If you find a process or procedure that needs improvement, implement the following steps:

  • Identify the problem;
  • Establish how many processes are inefficient;
  • Prioritize the importance of each process;
  • Map the process;
  • Brainstorm a small change;
  • Experiment with the new process;
  • Analyze what went right and what went wrong. 

By creating benchmarks for each task, you can easily analyze if the task is efficient or not. It’s important to note that you do not have to throw out the whole process if it is inefficient. It could be beneficial to look at each aspect of the procedure to determine if a small change will suffice. 

Invest in Technology

New technologies can help improve business practices and make you more efficient by allowing your team to communicate better. If your company’s success depends on interdepartmental communication, you could invest in project management and messaging software that allows you to improve your service scheduling and management processes. This is especially true for people working in skilled trades like landscaping. Landscapers work on multiple projects a day, so they must be punctual and get their projects done promptly. By using landscaping scheduling software, their clients can book appointments that would automatically populate on the company’s servers. Then, a manager could use route management software to help dispatch landscape workers to new jobs by way of more efficient routes. 

Provide Feedback

Feedback is essential for both internal and external business growth. Employees could bring unique points of view and insight to business structures and processes that you may not have seen before. Additionally, a Deloitte study shows employees value leaders who listen to their ideas, rather than extra compensation and benefits. On the other hand, employees perform better when they have feedback from their employers. Some benefits of feedback in the workplace include:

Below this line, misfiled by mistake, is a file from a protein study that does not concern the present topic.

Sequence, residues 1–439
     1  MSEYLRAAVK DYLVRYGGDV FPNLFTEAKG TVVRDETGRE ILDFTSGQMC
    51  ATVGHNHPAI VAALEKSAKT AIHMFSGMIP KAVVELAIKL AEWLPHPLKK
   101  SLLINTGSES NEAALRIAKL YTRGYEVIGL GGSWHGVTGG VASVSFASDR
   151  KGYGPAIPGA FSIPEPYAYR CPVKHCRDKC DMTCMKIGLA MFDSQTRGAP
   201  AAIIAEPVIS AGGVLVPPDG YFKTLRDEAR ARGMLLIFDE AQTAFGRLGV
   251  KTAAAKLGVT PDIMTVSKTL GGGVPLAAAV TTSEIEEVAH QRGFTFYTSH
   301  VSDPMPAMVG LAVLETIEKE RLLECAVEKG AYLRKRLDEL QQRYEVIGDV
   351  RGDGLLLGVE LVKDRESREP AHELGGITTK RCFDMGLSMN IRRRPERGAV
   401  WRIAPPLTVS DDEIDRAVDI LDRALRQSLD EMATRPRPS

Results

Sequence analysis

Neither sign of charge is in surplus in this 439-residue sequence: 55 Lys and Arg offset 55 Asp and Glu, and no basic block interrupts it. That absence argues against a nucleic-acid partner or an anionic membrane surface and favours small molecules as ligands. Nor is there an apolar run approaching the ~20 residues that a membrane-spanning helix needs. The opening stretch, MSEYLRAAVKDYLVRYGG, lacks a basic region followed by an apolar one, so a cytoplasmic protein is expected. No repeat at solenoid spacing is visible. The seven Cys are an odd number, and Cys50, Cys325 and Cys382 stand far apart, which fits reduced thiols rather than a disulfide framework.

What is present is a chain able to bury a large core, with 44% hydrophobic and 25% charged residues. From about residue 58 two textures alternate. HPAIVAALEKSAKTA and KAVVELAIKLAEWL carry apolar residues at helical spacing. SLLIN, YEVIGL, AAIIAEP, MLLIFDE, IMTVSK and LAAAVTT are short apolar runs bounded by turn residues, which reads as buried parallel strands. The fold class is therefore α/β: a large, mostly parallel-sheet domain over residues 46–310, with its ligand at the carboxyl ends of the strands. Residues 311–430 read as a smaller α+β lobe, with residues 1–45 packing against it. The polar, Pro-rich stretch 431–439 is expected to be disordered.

• Increased motivation;
  • Greater performance;
  • Continuous learning;
  • Improved relationships;
  • Personal growth;
  • Increased confidence. 

While positive feedback can go a long way, it’s also important to acknowledge critical feedback. Critical feedback in the workplace can also motivate and encourage employees to do better. Lastly, customer feedback is just as important as internal feedback. Gathering customer feedback could help you glean more insights about your company and internal processes that can help make it more efficient. 

Add Incentives

Incentive programs help motivate employees to work harder and achieve higher standards, which can mean greater efficiency for your business. When implemented correctly, employees recognize incentives as management’s efforts to reward their workers for a job well done. Examples of incentive programs that can be easily implemented include:

  • Monetary bonuses for working ahead of schedule;
  • Awarding workers more money based on the company’s success;
  • Supporting advancement opportunities;
  • Bonuses based on projects;
  • Recognizing special employee contributions with verbal or monetary rewards. 

Incentive plans can be as formal or as informal as you want, however, you must be consistent with rewards to ensure that employees stay motivated. 

Stimulating efficiency in your business can seem overwhelming, especially if you are trying to grow the company. However, by analyzing processes, providing feedback, and creating a productive workplace culture, you can streamline your business and its practices to be as efficient as possible.

Author

Digital marketer who has researched extensively into field service industries, identifying problems and discovering solutions for your field service business.